Thu, Dec 5, 11:44am by Noah Taylor
Tasmania has been warned that its planned gambling shake up may leave the sector open to corruption.
The Australian reports that independents have been flagging amendments to encourage pubs to surrender pokies and reduce harm.
The Hodgman Liberal government will next year unveil a new pokies and gaming regime that will break the 50-year monopoly enjoyed by the Federal Group.
The details of the plan are yet to be revealed, but the finer points of its guiding policy look to abandon a previous commitment to holding a tender or similar process to allocate and price pokies licences.
There also appears to be no commitment to put two new high-roller casino licences to the open market, with one instead already promised to Museum of Old and New Art founder David Walsh.
Several gambling experts believe the lack of market mechanisms for both significant licencing streams could cast a shadow over the state’s new regime, to apply from 2023.
Monash University’s Gambling and Social Determinant unit head Charles Livingston said: “This is one of the blights of Tasmanian gambling policy: the tendency to do deals behind closed doors.”
“Given the capacity for corruption and things to go wrong – money laundering and everything else – these things need to be as transparent as possible.
“If Walshy’s got a good business plan and he can persuade whoever is reviewing the tenders that this is the best way forward, then good on him and he’ll get it. But if he can’t, then whoever is able to…should get it.”
The new gambling regime, triggered by the expiry of the Federal Group’s monopoly ownership of poker machines in casinos, pubs and clubs in Tasmania was flagged by the current government in 2016.
At the time, the government promised the rights to operate pokies in pubs and clubs after 2023 would be “allocated and priced by a market-based mechanism, such as a tender.”
That commitment appears to have been dropped and Dr Livingstone said by doing so, the government would forgo an estimated $250 million that might have been raised from a tender or auction.
The government – backed by pubs and clubs and the Federal Group – said it would instead achieve improved returns for taxpayers from a higher tax rate on pokies in hotels, and from an annual licence fee of up to $2,500 per machine.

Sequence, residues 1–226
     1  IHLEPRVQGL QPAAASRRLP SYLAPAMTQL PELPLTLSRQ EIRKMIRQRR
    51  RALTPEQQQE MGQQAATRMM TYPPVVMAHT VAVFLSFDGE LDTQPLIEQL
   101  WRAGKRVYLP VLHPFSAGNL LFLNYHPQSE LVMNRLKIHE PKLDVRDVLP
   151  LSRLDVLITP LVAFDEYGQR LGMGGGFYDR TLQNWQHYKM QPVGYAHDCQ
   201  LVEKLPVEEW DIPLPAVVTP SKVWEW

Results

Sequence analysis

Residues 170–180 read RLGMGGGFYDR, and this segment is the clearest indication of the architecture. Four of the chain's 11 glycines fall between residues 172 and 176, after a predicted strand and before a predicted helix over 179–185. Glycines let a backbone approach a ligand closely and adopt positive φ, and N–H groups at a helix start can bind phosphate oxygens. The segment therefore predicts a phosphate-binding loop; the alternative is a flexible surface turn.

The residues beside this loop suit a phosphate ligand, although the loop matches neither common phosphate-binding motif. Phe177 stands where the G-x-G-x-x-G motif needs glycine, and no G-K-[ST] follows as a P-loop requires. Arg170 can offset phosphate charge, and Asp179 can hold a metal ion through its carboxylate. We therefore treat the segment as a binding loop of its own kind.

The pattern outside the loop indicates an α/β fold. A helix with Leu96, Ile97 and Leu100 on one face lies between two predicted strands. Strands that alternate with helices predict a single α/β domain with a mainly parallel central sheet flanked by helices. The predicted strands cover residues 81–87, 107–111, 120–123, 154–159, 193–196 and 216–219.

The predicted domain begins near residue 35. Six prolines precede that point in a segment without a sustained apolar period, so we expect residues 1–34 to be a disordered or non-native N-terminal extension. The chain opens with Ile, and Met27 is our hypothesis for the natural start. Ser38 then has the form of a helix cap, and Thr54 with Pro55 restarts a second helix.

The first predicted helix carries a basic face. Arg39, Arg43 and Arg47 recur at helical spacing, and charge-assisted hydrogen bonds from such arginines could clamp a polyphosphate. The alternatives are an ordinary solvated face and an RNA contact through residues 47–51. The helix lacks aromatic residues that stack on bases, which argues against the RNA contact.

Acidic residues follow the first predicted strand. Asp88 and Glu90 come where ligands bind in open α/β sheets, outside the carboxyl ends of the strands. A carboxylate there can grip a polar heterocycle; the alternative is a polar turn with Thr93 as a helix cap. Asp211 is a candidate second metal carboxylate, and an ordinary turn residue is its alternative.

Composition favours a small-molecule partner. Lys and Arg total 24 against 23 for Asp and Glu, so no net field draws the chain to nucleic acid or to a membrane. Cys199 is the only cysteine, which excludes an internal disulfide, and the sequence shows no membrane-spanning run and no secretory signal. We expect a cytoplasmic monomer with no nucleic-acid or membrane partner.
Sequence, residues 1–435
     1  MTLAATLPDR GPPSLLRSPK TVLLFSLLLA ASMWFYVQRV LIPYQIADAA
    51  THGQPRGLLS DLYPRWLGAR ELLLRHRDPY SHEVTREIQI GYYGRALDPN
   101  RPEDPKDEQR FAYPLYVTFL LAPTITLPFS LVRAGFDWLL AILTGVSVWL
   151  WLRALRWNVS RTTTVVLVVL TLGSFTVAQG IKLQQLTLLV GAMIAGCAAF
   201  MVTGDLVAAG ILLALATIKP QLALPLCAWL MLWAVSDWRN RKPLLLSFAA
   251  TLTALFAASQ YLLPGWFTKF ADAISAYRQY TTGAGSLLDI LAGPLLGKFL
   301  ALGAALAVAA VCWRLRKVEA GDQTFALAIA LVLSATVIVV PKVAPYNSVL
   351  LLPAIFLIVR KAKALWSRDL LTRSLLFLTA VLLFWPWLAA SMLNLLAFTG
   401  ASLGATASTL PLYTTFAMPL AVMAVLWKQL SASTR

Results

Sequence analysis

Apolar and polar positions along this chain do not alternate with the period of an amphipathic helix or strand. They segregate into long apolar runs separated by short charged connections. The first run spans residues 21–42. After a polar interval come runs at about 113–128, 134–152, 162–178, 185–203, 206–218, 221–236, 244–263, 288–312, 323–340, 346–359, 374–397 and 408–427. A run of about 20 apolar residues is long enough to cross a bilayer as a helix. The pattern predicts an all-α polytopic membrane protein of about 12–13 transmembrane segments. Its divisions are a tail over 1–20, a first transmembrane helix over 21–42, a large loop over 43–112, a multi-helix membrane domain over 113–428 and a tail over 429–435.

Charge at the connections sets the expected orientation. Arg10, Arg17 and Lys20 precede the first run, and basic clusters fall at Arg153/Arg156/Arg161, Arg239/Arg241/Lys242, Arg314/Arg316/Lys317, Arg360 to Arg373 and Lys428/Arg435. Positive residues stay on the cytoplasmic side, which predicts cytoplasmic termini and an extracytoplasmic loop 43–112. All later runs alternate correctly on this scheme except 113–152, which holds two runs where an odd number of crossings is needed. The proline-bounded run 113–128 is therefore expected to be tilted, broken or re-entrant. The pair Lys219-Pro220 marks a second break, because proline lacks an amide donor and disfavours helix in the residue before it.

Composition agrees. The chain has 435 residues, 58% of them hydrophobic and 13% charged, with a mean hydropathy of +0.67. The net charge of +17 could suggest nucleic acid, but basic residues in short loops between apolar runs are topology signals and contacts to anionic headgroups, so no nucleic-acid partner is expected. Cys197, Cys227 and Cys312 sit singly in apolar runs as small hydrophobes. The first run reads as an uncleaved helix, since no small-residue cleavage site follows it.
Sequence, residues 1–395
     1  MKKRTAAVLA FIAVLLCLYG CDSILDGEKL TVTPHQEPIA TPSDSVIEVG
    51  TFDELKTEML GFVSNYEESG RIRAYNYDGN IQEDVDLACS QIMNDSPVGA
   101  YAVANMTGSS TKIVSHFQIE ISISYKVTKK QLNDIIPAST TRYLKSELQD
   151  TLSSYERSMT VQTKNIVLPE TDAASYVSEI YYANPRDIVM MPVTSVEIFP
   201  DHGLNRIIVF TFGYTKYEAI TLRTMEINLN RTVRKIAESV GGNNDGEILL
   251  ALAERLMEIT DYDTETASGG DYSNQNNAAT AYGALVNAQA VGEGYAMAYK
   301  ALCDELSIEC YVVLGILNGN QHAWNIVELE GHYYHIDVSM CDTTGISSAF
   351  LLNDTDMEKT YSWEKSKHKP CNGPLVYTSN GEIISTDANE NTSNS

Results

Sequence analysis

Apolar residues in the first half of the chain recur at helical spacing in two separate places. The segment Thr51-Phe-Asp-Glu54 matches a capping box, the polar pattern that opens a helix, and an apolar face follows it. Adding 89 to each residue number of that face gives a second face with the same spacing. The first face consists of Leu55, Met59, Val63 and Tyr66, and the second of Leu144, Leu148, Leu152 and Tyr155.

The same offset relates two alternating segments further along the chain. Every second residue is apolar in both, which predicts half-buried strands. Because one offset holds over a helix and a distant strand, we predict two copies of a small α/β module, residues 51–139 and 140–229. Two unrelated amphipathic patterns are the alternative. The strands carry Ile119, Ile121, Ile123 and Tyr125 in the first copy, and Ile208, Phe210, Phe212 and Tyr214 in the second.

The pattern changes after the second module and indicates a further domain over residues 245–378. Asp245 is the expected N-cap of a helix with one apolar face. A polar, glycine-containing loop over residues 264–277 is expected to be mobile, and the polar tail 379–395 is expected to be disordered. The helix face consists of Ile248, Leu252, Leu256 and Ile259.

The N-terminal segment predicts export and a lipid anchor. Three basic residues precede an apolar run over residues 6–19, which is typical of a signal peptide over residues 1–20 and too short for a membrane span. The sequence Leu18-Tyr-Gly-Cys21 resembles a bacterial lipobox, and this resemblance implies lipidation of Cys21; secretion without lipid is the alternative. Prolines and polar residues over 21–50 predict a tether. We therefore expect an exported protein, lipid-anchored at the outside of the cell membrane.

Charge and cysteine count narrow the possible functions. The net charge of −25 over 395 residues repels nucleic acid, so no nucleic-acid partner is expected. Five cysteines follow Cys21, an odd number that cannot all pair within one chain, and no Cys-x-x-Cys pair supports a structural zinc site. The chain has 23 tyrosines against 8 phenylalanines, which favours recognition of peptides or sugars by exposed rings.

Planned Reorganisation of Tasmanian Gambling Sector Could Make the Industry Susceptible to Corruption #Gambling #GamblingSector #GamblingIndustry #Pokies #PokerMachines #TasmaniaGamblingSector #Tasmania #Australia https://t.co/BEewGl4FU6
— Casino Guardian (@CasinoGuardian) December 3, 2019
“We are confident of a good outcome for the taxpayer, the community, the industry and the broader economy,” a government spokesman said.
Mr Walsh declined to comment.
Independent MP Madeleine Ogilvie, whose vote the government may need in the House of Assembly, said she wanted to see consideration of a “voluntary licence buy-back scheme” for pokies.
This would fund pubs to surrender their pokies, particularly in battling communities such as Glenorchy, in her electorate of Clark.
Along with Upper House independents, the Greens and the ALP, she flagged she would also push for further harm minimisation strategies, such as smaller bet limits.
“I do think harm minimisation strategies are absolutely worthwhile,” she said.
Ten individuals and businesses were disciplined by the Tasmanian Liquor and Gaming Commission between November and June, the authorities said.
The ABC reported in August that of the breaches, worth a collective $22,830, UBET received the largest penalty – $9,780 – for failing to include a responsible gambling message in its advertising.
The two casino businesses linked to pokies giant Federal Group were found to have also breached gaming laws.
Country Club Casino was fined $3,260 after an unlicensed person performed the work of a special employee.
Wrest Point Hotel Casino was sent a letter of censure for non-compliance with the requirements of the Internal Control and Accounting Manual.
Garich Pty Ltd, which runs Moonah Hotel, received a letter of censure for failing to provide CCTV, and was also fined $815 because an employee did not complete a Responsible Conduct of Gambling course.
Three people received letter of censure for playing Keno while working.
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